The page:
In the last few years, these machine designs have started to outstrip human ones. In 2018, Esteban Real and his colleagues at Google used NAS to generate a neural network for image recognition that beat the best human-designed networks at the time. That was an eye-opener.

The 2018 system is part of an ongoing Google project called AutoML, which has also used NAS to produce EfficientNets, a family of deep-learning models that are more efficient than human-designed ones, achieving high levels of accuracy on image-recognition tasks with smaller, faster models.

Three years on, Real is pushing the boundaries of what can be generated from scratch. The earlier systems just rearranged tried and tested neural-network pieces, such as existing types of layers or components. “We could expect a good answer,” he says.

Last year Real and his team took the training wheels off. The new system, called AutoML Zero, tries to build an AI from the ground up using nothing but the most basic mathematical concepts that govern machine learning.

Amazingly, not only did AutoML Zero spontaneously build a neural network, but it came up with gradient descent, the most common mathematical technique that human designers use to train a network. “I was quite surprised,” says Real. “It’s a very simple algorithm—it takes like six lines of code—but it wrote the exact six lines.”

AutoML Zero is not yet generating architectures that rival the performance of human-designed systems—or indeed doing much that a human designer would not have done. But Real believes it could one day.

Time to train a new kind of teacher
First you make a brain; then you have to teach it. But machine brains don’t learn the way ours do. Our brains are fantastic at adapting to new environments and new tasks. Today’s AIs can solve challenges under certain conditions but fail when those conditions change even a little. This inflexibility is hampering the quest to create more generalizable AI that can be useful across a wide range of scenarios, which would be a big step toward making them truly intelligent.

For Jane Wang, a researcher at DeepMind in London, the best way to make AI more flexible is to get it to learn that trait itself. In other words, she wants to build an AI that not only learns specific tasks but learns to learn those tasks in ways that can be adapted to fresh situations.

Researchers have been trying to make AI more adaptable for years. Wang thinks that getting AI to work through this problem for itself avoids some of the trial and error of a hand-designed approach: “We can’t possibly expect to stumble upon the right answer right away.” In the process, she hopes, we will also learn more about how brains work. “There’s still so much we don’t understand about the way that humans and animals learn,” she says.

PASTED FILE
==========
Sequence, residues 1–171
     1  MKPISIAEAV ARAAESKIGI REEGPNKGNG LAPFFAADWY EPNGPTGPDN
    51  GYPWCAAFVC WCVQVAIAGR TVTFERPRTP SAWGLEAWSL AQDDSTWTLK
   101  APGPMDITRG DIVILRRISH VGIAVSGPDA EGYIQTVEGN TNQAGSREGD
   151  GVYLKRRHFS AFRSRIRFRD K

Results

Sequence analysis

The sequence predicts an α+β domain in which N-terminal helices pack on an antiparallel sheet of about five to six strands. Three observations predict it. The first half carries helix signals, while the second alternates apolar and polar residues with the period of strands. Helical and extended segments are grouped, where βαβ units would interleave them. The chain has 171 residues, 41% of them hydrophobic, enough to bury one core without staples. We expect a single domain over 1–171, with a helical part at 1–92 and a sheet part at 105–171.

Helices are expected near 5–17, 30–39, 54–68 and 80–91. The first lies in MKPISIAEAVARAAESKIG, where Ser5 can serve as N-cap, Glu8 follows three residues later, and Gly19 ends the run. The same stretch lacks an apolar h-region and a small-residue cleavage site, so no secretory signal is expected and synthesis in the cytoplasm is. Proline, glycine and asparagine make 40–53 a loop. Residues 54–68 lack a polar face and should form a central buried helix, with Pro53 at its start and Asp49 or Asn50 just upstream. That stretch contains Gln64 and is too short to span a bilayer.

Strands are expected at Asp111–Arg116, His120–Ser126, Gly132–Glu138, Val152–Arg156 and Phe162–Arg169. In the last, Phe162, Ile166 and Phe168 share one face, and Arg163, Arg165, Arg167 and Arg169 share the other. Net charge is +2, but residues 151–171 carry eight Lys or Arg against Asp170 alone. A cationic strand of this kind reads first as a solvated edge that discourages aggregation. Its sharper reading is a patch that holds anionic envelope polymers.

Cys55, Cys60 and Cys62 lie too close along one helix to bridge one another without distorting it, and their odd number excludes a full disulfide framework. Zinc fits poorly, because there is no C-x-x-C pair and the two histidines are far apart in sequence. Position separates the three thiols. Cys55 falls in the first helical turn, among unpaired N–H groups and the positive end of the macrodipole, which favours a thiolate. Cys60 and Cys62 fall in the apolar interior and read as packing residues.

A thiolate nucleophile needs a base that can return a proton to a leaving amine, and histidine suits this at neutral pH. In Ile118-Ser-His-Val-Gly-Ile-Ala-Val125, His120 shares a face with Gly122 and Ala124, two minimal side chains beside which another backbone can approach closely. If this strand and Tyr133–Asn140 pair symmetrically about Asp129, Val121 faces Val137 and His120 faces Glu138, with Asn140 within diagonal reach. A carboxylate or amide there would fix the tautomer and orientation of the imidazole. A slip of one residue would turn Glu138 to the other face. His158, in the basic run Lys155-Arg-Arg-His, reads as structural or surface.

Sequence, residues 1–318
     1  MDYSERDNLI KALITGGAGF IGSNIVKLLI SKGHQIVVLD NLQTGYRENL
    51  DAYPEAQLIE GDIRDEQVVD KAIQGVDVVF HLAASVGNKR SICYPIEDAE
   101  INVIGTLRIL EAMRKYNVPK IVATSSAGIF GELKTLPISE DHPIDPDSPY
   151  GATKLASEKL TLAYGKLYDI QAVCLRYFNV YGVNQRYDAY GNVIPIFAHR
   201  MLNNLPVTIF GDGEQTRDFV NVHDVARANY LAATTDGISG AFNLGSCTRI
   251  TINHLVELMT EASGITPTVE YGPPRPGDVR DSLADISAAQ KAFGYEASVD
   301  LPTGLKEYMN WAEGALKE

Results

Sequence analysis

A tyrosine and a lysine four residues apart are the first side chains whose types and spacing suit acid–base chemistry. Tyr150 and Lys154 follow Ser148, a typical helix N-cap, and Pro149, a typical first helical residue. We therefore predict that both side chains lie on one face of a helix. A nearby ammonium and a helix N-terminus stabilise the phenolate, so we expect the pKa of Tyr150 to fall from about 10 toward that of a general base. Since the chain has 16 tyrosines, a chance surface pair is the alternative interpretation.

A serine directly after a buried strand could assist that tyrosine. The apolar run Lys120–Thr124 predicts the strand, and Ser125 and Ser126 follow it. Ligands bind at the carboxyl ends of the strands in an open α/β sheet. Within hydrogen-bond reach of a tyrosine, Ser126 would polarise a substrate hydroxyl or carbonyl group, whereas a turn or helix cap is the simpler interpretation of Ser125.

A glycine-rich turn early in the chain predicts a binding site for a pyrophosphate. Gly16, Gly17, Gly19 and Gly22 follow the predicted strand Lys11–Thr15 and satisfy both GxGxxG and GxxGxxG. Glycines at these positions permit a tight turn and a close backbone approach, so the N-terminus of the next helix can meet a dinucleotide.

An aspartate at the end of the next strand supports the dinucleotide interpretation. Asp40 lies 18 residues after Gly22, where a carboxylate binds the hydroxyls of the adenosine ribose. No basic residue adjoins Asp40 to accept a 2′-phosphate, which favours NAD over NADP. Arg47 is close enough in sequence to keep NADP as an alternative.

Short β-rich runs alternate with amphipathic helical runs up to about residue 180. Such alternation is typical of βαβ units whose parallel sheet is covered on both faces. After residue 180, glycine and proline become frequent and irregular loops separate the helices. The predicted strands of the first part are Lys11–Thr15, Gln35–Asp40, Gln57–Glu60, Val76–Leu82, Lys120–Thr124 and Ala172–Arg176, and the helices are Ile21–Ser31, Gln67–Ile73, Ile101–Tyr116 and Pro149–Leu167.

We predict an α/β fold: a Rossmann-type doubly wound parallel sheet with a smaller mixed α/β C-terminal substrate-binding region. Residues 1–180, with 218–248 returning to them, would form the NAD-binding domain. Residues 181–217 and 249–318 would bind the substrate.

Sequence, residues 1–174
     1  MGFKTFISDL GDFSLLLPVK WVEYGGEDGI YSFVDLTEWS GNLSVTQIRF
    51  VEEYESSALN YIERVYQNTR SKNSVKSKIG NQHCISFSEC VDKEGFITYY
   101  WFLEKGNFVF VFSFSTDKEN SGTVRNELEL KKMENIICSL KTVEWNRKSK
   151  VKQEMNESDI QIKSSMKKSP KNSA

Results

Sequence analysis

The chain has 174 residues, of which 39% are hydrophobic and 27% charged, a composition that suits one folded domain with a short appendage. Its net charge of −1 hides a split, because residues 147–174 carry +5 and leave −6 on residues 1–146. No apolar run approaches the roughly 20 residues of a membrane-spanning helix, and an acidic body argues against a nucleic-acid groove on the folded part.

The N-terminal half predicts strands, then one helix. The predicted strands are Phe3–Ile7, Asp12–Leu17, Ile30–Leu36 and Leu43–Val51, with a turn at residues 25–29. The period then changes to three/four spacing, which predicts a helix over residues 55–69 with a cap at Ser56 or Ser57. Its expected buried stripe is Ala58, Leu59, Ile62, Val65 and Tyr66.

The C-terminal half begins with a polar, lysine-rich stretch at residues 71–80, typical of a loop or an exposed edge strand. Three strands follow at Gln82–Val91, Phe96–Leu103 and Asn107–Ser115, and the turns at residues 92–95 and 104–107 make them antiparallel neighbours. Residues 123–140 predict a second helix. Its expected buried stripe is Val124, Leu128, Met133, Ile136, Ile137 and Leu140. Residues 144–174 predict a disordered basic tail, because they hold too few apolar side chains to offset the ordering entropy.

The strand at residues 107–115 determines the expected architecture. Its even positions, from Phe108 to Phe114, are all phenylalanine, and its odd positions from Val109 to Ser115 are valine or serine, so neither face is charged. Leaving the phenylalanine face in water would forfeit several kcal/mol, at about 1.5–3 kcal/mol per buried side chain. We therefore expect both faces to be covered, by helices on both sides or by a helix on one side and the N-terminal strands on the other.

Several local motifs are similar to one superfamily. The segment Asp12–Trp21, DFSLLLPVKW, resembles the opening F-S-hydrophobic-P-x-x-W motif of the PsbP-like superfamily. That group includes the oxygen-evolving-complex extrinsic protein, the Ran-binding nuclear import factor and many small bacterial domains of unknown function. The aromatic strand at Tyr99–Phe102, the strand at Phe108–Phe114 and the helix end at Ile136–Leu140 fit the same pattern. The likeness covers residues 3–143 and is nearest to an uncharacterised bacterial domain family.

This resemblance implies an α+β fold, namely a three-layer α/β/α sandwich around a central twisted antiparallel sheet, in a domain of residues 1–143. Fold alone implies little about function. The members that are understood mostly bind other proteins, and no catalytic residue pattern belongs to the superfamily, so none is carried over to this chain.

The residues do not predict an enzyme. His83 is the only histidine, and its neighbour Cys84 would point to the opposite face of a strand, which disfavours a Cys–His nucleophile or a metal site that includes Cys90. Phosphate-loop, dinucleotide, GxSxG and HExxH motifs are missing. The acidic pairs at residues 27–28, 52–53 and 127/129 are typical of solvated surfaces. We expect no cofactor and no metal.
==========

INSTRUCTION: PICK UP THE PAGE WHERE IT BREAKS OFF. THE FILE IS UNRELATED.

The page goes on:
There are two main approaches to generating learning algorithms automatically, but both start with an existing neural network and use AI to teach it.

The first approach, invented separately by Wang and her colleagues at DeepMind and by a team at OpenAI/url] at around the same time, uses recurrent neural networks. This type of network can be trained in such a way that the activations of their neurons—roughly akin to the firing of neurons in biological brains—encode any type of algorithm. DeepMind and OpenAI took advantage of this to train a recurrent neural network to generate reinforcement-learning algorithms, which tell an AI how to behave to achieve given goals.

The upshot is that the DeepMind and OpenAI systems do not learn an algorithm that solve a specific challenge, such as recognizing images, but learn a learning algorithm that can be applied to multiple tasks and adapt as it goes. It’s like the old adage about teaching someone to fish: whereas a hand-designed algorithm can learn a particular task, these AIs are being made to learn how to learn by themselves. And some of them are performing better than human-designed ones.

The second approach comes from Chelsea Finn at the University of California, Berkeley, and her colleagues. Called [url=https://bair.berkeley.edu/blog/2017/07/18/learning-to-learn/]model-agnostic meta-learning
, or MAML, it trains a model using two machine-learning processes, one nested inside the other.

Roughly, here’s how it works. The inner process in MAML is trained on data and then tested—as usual. But then the outer model takes the performance of the inner model—how well it identifies images, say—and uses it to learn how to adjust that model’s learning algorithm to boost performance. It’s as if you had an school inspector watching over a bunch of teachers, each offering different learning techniques. The inspector checks which techniques help the students get the best scores and tweaks them accordingly.